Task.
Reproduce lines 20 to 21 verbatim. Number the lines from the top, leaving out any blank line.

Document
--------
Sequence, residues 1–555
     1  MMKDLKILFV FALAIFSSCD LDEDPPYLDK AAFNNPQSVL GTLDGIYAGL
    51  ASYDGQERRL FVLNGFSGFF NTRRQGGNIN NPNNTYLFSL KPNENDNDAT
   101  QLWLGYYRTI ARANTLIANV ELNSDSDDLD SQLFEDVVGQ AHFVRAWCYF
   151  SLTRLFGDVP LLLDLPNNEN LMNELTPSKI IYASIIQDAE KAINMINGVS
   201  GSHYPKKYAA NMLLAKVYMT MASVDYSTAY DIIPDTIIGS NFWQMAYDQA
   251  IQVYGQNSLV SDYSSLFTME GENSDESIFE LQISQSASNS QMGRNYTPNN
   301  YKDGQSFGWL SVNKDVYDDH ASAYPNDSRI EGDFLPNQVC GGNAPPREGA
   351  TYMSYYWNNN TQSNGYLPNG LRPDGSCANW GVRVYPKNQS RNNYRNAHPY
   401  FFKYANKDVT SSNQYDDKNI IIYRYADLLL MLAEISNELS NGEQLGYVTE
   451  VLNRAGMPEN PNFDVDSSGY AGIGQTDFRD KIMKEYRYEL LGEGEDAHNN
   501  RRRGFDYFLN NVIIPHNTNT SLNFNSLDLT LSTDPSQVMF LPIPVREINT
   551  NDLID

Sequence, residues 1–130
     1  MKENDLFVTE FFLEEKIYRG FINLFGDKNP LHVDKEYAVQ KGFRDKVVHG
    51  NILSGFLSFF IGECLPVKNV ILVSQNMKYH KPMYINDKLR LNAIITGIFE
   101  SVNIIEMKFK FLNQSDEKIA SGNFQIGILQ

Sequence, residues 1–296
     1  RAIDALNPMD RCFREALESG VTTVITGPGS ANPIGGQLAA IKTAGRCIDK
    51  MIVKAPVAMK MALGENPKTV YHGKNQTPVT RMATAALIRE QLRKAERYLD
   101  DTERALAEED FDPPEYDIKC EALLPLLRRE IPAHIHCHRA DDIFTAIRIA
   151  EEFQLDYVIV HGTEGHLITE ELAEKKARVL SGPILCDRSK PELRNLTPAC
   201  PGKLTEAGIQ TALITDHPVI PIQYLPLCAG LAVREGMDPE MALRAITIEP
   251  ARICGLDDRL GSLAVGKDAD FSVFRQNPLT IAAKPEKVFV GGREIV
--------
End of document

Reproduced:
    51  MIVKAPVAMK MALGENPKTV YHGKNQTPVT RMATAALIRE QLRKAERYLD
   101  DTERALAEED FDPPEYDIKC EALLPLLRRE IPAHIHCHRA DDIFTAIRIA